solitary

NATURE
A Sloth Named Velcro

 

Filmed in Panama, Costa Rica and Colombia, this is a story of friendship between a journalist and the sloth she named Velcro and a network of people working to learn more about sloths in order to protect them. Once largely ignored, sloths have become a hot topic of scientific researchers. New studies show that they’re not so “sloth-like” after all: despite their reputation, sloths in fact sleep only about as much as humans do and are much more active in the wild than they are in captivity. Other studies have shown sloths are not as solitary as we thought, that they have social structures and that males even keep small harems of females. New research into the gait of sloths has revealed another surprise. X-ray images and photographic analysis show that sloths actually move just like primates, only upside-down.

 

NATURE
Snow Monkeys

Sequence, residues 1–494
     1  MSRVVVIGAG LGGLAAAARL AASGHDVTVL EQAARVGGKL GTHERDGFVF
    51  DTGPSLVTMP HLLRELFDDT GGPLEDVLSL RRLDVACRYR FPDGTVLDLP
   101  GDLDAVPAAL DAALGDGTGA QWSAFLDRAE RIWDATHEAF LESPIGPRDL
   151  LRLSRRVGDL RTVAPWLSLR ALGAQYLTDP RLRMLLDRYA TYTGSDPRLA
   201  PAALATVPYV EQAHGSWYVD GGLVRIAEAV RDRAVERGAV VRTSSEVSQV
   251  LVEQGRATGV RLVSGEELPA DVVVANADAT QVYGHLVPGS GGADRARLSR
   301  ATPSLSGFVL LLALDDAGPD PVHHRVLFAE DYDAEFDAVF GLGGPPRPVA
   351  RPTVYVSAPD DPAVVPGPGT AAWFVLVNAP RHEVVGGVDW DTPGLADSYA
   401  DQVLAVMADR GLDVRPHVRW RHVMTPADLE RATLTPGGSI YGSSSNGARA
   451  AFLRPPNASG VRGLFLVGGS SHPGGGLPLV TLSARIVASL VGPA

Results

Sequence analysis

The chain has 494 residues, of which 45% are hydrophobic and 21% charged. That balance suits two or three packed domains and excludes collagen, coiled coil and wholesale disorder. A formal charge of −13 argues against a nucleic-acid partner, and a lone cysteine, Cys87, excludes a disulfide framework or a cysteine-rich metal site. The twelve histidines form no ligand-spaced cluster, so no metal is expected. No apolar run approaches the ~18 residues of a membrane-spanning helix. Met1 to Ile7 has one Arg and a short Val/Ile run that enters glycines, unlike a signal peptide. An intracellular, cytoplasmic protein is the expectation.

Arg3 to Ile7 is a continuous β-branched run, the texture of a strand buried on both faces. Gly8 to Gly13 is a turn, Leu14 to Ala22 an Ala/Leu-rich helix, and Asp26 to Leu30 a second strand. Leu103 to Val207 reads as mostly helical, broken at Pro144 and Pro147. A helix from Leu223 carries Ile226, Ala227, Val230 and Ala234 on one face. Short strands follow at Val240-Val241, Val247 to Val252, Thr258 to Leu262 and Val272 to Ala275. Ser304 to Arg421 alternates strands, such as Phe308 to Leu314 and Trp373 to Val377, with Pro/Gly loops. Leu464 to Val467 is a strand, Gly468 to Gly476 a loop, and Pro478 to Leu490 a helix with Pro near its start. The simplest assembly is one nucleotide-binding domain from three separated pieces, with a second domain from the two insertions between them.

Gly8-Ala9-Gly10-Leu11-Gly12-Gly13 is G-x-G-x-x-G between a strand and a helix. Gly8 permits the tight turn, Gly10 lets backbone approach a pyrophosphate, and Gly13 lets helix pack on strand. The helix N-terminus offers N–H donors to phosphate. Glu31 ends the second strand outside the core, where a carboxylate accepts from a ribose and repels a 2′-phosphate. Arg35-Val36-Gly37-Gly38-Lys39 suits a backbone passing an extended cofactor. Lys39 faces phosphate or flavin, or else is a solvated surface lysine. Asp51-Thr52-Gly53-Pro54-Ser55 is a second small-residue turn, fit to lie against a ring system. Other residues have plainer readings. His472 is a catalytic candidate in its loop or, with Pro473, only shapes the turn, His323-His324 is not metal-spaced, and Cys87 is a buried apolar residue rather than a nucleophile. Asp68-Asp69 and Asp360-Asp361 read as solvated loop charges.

In the frigid valleys of Japan’s Shiga Highlands, a troop of snow monkeys functions in a complex society of rank and privilege where each knows his and her place. Their leader is still new to the job and something of a solitary grouch. One innocent little monkey, unaware of his own low status, reaches out to this lonely leader and they form a rare and remarkable bond that alters both their lives. Changing seasons bring new babies, family disagreements and tragedies. Mating season brings competition for females as the days grow shorter and colder in the rush to winter. With their now confident leader to guide them and their families to shelter and care for them, these snow monkeys are ready to face the world.